The use of Innovation Fund allowances is strongly opposed by the Parliament. The primary opposition to its use is the misalignment between the needs being addressed by the Innovation Fund and by REPowerEU. REPowerEU is aimed at shifting the bloc quickly away from Russian fossil fuels through energy efficiency, clean energy, and diversified supply – largely short- to medium-term measures. The Innovation Fund seeks to fund not yet profitable or risky technologies needed to decarbonize industry. Both seem to have similar goals but eating into Innovation Fund allowances would harm EU industry’s ability to deliver late decade (and beyond) abatement that would not otherwise be possible without breakthrough technology.
Market Stability Reserve
The sale of allowances from the Market Stability Reserve has been controversial since entering the policy arena in May. A key argument against tapping the MSR is that it interferes with the integrity of the market. The MSR is set up as a rules-based mechanism, injecting/removing allowances when total supply is under/over a specified benchmark. As a politically created market, policy risk is always high but by using the MSR as a ‘piggy bank,’ the door is opened for further market interventions. For market actors, this increases policy risk and decreases predictability in an already volatile market. For environmental advocates, this undermines the price signal needed to drive abatement.
In principle, the MSR option is off the table; in practice it might not be. Neither the Council nor the EP have included any fraction of the REPowerEU funding to come from the mechanism. Instead, the balance of sourcing allowances may be found somewhere between the two institutional positions. So far, the Council has been willing to include member state auctions in its plan – but only up to 25%. On the other hand, the EP has not been willing to agree to any movement on the Innovation Fund. If either the EP or the Council position remains immovable, a middle ground will need to be found. Both lawmaking institutions oppose using MSR funding but if a compromise cannot be reached, discussion on the sale of MSR allowances might find purchase.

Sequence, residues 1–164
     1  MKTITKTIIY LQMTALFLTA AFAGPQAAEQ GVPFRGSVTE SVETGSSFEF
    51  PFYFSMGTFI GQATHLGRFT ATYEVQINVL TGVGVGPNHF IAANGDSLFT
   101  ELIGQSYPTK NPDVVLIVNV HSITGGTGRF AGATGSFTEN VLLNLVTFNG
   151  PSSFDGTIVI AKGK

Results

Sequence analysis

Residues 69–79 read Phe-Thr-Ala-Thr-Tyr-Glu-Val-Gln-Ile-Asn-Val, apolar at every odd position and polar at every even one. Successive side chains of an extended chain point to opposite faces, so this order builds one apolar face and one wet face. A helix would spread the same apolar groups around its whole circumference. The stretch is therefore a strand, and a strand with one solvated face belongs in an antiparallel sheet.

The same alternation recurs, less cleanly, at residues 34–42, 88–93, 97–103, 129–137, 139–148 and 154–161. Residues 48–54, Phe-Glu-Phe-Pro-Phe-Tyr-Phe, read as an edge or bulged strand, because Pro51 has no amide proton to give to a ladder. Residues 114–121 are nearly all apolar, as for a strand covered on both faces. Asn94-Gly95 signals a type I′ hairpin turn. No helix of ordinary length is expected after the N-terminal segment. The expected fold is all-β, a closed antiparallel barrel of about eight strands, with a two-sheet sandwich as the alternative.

Market impact from supply injection and MSR intake
We can expect each of these plans to dampen prices short-term through the periods in which the additional supply is injected. The EP’s amended plan will have a more pronounced short-term impact through the three-year timeline rather than the Council and Commission’s four-year plan.
What remains unclear is how quickly prices will rebound after the REPowerEU sale. Both of the frontloading proposals are ‘cap neutral’ with more allowances coming to the market early decade and less being auctioned between 2027 and 2030. However, the additional supply brought to the market early in the decade will mean an increase in the volume removed from circulation by the MSR; roughly 200 – 250 million allowances more than would be soaked up without a REPowerEU sale. The sequestered early-phase 4 EUAs will lead to a tighter market and higher price later in phase 4.
Additional measures in the Fit for 55 package can be expected to impact the degree to which late-decade prices are impacted. The EP has proposed changes to the MSR’s intake thresholds in line with the cap that would further increase the total number of allowances removed from the market, resulting in additional tightening of the market compared to the status quo. Whether sharp price spikes occur as an outcome will depend on the extent to which renewable generation meets ambitious Commission goals and takes pressure from the market.
- Debate begins 9 November at 15:00 CET, voting begins 10 November at 11:00 CET
- The plenary vote will not deviate significantly from ENVI’s recommendations; the real policy unknown is where a compromise can be found between EP and Council positions in trilogues
- Each of the plans will be bearish in the short term and bullish later in the decade compared to the status quo